While the court commented that the applicant may have an arguable case that the Central Office did not have jurisdiction to issue the second committal order, the court held that there were clear statements in Wymes and Carlisle Mortgages Limited which said that a party was always entitled to issue a fresh execution order. The court also noted the merit in the applicant’s submission that these cases were not relevant because they considered different types of execution orders under the Rules.

However, the court held that “it cannot be said that there was a fundamental lack of jurisdiction to make the order of committal in this case.” As such, there was a lawful basis for the detention of the applicant. The court said that acceding to the applicant’s case would “effectively deprive the plaintiffs in the substantive action of a means of enforcing the order made” in 2019.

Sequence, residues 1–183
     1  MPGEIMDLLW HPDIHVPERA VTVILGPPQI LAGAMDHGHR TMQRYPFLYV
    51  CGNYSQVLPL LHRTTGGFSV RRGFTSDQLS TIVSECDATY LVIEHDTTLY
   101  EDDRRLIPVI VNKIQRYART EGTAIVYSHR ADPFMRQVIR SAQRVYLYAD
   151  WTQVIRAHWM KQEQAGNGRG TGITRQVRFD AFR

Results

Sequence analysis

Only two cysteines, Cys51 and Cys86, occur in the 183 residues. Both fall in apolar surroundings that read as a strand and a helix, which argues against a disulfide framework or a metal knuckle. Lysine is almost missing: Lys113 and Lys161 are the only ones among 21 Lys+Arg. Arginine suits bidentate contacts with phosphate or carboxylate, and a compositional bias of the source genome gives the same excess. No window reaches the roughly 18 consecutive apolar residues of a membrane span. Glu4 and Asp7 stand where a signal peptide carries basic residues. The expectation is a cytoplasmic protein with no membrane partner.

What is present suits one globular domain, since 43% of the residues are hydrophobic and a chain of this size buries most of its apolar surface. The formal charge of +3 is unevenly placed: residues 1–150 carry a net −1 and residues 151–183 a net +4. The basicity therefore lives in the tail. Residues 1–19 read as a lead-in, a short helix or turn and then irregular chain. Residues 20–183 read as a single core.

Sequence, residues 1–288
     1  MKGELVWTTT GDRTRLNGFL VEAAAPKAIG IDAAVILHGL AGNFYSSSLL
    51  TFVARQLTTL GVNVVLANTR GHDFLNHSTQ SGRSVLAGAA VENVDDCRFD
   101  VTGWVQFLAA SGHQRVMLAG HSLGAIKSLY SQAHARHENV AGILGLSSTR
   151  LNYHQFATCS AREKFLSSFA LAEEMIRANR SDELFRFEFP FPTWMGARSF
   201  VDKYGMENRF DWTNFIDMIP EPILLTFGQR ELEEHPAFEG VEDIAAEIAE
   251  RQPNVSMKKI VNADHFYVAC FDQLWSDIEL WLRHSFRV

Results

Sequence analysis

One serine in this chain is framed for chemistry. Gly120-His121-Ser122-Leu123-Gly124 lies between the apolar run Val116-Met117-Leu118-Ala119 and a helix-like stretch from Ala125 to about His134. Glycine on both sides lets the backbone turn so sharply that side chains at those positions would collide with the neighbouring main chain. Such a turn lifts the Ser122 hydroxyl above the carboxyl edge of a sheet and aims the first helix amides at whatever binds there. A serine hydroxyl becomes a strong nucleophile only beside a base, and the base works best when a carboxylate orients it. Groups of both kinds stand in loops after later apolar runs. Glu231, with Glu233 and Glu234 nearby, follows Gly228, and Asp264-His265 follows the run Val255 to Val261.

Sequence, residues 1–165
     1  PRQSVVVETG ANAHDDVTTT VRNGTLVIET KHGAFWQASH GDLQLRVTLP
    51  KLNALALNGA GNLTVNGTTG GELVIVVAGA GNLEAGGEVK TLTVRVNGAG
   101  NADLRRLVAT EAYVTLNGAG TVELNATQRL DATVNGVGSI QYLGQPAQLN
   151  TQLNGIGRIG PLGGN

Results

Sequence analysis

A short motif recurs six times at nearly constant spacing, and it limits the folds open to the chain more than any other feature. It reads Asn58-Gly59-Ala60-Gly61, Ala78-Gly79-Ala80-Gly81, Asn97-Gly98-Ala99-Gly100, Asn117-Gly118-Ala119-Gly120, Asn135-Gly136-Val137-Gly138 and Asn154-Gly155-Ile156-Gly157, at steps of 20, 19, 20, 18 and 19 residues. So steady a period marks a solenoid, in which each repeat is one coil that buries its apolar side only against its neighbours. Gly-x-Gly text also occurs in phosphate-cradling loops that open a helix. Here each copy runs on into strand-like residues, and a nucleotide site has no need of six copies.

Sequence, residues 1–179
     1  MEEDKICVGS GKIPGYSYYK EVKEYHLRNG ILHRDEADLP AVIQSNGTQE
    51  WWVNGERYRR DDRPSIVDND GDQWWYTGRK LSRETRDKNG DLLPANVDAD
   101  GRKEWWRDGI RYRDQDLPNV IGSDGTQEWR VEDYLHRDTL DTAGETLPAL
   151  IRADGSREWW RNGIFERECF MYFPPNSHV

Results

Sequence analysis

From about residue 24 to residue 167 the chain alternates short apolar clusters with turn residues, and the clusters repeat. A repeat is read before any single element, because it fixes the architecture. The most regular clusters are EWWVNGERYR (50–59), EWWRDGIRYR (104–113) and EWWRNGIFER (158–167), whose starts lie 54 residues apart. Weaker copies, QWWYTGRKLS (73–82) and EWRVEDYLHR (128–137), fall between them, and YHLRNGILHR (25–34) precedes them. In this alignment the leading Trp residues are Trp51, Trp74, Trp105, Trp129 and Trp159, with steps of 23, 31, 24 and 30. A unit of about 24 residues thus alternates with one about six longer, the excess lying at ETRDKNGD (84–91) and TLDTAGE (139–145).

The court held that the plaintiffs had no standing to make submissions to the court in the Article 40.4 application and that it was unjust since they would not be heard in a case relating to their property rights. As such, it was preferable to proceed by way of judicial review.

Finally, the court held that it was unfair to ask the respondent to deal with alleged procedural infirmities in the case, where the committal order was regular on its face. Again, judicial review was preferable for this reason.


The court dismissed the Article 40.4 application on the basis that the detention of the applicant was lawful.